“The King—does he know that his firstborn son has taken a bride?” He was turning a mold in his hand, calloused thumb searching for imperfections along the surface. “Taken a bride without his blessing, like a heathen in the Dark Lands?”
The mold: cast to the table with a clatter. I winced.
Fëanáro had wished to come with me so that we could deliver the news to my father and his master, side by side. I had grown accustomed to having Fëanáro at my side in the past three years; grown accustomed to letting him be strong when I lacked the will. To letting him speak first. But this I had to do alone, to remember my strength as a woman and a daughter, not a wife.
“We had the blessing of Eru, Father. And we—I believe that that was enough.”
His gray eyes were cold as steel upon my flushed face. I could see him appraising my well-being and finding reason to fault Fëanáro. I kept my arms crossed over my body, lest he notice how I’d changed. His voice quavered on the brink of anger. “You have become proud, Daughter—like him—to think that you know the will of the One.”
“In this matter, Father, I do,” I whispered, and I waited for him to cast me forth from his workshop, to denounce me as his daughter for such blasphemous behavior.
But something interrupted us then: a thin cry that made us both turn to find Fëanáro at the door, gray eyes wide and voice reduced to a near-whisper. “I am sorry to interrupt. But he wants his mother.”
Passing to me little Nelyafinwë, who stopped crying at my touch and settled against my breast. My father’s eyes widened, and I knew that he understood. And never again would he question Eru’s blessing.
A long while ago, appoggiato won the Spot the Bad Pun contest that I’d had for a chapter in AMC. Her prize was a story of her choice, and she asked for a story about Maglor during the happier times of the Fëanorian family. I’ve still yet to write the story, but I offer four drabbles in the meantime about Maglor during one of the happier times of his childhood. (And I will one day actually finish the full story!)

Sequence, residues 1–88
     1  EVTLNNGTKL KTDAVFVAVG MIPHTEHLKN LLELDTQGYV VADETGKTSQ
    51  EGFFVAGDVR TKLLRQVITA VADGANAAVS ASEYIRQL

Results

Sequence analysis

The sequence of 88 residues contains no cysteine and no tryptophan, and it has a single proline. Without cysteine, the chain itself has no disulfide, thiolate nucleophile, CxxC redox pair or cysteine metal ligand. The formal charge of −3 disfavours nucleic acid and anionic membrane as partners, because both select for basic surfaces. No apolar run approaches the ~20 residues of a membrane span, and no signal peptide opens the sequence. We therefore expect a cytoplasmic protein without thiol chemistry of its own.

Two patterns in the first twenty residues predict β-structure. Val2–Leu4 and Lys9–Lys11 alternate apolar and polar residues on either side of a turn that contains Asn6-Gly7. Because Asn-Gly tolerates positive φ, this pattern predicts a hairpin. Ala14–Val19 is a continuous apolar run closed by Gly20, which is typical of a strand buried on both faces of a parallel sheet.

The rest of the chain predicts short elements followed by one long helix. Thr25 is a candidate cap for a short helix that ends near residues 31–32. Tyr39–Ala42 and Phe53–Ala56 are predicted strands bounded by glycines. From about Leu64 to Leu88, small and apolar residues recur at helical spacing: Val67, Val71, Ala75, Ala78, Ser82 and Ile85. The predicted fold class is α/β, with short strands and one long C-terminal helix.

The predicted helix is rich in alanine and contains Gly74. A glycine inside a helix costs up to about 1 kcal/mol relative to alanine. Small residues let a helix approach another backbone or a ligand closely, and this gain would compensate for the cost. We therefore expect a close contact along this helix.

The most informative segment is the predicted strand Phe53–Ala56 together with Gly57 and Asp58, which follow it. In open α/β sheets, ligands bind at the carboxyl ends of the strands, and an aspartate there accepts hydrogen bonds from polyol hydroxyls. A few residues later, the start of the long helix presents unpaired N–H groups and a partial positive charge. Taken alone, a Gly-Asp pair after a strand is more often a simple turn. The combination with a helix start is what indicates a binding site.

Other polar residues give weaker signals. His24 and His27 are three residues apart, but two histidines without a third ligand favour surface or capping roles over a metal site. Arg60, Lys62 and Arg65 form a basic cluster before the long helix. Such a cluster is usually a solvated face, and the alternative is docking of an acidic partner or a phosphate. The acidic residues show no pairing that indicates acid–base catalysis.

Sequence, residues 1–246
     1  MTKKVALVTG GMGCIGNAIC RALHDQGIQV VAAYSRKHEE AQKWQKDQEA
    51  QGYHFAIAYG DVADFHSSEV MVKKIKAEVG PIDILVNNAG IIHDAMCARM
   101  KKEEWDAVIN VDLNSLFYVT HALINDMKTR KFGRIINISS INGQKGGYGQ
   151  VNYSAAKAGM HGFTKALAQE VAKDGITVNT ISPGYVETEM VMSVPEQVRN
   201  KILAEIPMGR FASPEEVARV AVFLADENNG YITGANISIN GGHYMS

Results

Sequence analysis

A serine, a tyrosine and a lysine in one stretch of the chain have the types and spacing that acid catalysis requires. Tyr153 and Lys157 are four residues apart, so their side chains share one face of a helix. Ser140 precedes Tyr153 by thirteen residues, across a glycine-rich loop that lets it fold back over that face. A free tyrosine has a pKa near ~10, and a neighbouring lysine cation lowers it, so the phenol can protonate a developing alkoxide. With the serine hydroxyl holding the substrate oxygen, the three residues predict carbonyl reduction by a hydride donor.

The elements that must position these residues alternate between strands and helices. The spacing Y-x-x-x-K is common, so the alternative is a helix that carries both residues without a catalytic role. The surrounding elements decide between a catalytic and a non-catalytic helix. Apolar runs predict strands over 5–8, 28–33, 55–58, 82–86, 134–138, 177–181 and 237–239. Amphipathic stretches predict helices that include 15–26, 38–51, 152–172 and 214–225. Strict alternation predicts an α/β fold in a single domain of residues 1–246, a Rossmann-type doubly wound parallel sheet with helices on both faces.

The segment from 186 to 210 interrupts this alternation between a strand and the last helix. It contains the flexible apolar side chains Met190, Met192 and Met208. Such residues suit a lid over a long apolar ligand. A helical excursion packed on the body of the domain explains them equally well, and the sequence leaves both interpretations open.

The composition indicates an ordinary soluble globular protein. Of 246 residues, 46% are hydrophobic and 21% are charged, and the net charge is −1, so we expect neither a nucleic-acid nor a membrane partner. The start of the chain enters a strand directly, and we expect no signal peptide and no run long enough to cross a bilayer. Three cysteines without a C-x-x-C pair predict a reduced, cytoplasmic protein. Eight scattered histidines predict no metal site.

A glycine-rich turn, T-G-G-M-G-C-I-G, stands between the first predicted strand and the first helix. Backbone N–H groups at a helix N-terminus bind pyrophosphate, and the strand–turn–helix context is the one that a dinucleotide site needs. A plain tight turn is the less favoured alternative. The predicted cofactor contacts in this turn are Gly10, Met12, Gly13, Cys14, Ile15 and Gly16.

From the Doors of Night
It was nearing my begetting day—within a fortnight, even—when my mother failed to rouse me for breakfast one morning, and I found her sitting at table, having sent my brother to his lessons with a banana and cup of milk. Her eyes were red. She looked weary.
“Where is Atar?” I asked, climbing on her lap. Her arms closed around me, but it was more reflexive than anything, like blinking when something came at your face.
“He has gone off.” Rubbing at her eyes suddenly and drying her fingers on her skirt when she thought I wasn’t looking.
“Where is Atar?” I asked Nelyo, who always worked at his books but worked more when Atar was “gone off.”
“Gone off,” he answered, and his face clenched in concentration.
“Gone off where?”
He sighed. “The Doors of Night. Be gone, Macalaurë. I am busy.”
I snuck Nelyo’s lorebooks and read about the Doors of Night. A black sea, it said, and darkness impenetrable. I thought of the darkness beyond the doors of my closet and shivered for Atar, who had scared away the blackness there once with a lantern—and the fear too. I hoped he’d taken enough lanterns.
The Doors of Night, I read in another book, are the only place where blackwood trees grow, producing wood of astonishing quality.
Atar came back and took something to his workshop and didn’t appear again for many days more. So it was like he was never back at all. Amil was still sullen and Nelyo still worked at his books, and I wondered what he’d brought. Certainly not blackwood. Atar didn’t care much for working with wood. Too easy, he said.
My begetting day drew nearer and nearer and then it was tomorrow. And it seemed that everyone had forgotten.
We had breakfast on my begetting day and were a family again. Even Atar came, though he looked tired from many days of ceaseless labor.
“Would you like to receive your gifts after breakfast?” he asked, and though he was exhausted, his eyes gleamed like adamant beneath dust so you know that—though dirtied—it is something you should treasure.
He hastened from the room, before I could answer, and returned with my gift: a harp made of blackwood brought back from the Doors of Night.
His eyes brighter than adamant, as though my joy had washed his exhaustion away.